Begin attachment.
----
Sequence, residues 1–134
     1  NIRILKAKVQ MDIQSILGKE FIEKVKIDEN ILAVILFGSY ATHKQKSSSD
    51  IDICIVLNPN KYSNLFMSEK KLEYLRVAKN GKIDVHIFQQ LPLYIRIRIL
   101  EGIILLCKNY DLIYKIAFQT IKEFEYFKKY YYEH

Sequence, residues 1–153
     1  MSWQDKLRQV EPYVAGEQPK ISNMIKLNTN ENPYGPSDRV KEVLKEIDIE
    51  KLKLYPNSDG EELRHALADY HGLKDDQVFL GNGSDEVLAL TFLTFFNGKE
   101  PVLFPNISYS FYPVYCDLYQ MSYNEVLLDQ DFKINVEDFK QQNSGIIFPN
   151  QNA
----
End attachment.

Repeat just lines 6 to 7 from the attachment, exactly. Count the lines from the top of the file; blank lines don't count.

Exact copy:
     1  MSWQDKLRQV EPYVAGEQPK ISNMIKLNTN ENPYGPSDRV KEVLKEIDIE
    51  KLKLYPNSDG EELRHALADY HGLKDDQVFL GNGSDEVLAL TFLTFFNGKE